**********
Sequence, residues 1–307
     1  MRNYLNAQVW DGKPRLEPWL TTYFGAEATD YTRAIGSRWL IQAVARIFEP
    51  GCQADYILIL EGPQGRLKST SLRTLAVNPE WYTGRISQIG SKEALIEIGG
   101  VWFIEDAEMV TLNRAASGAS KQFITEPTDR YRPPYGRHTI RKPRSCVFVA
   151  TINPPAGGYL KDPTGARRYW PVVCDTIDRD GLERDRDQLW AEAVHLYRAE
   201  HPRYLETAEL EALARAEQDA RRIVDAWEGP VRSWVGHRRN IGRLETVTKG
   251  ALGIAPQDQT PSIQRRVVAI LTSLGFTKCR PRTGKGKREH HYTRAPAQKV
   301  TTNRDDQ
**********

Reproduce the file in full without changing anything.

Sequence, residues 1–307
     1  MRNYLNAQVW DGKPRLEPWL TTYFGAEATD YTRAIGSRWL IQAVARIFEP
    51  GCQADYILIL EGPQGRLKST SLRTLAVNPE WYTGRISQIG SKEALIEIGG
   101  VWFIEDAEMV TLNRAASGAS KQFITEPTDR YRPPYGRHTI RKPRSCVFVA
   151  TINPPAGGYL KDPTGARRYW PVVCDTIDRD GLERDRDQLW AEAVHLYRAE
   201  HPRYLETAEL EALARAEQDA RRIVDAWEGP VRSWVGHRRN IGRLETVTKG
   251  ALGIAPQDQT PSIQRRVVAI LTSLGFTKCR PRTGKGKREH HYTRAPAQKV
   301  TTNRDDQ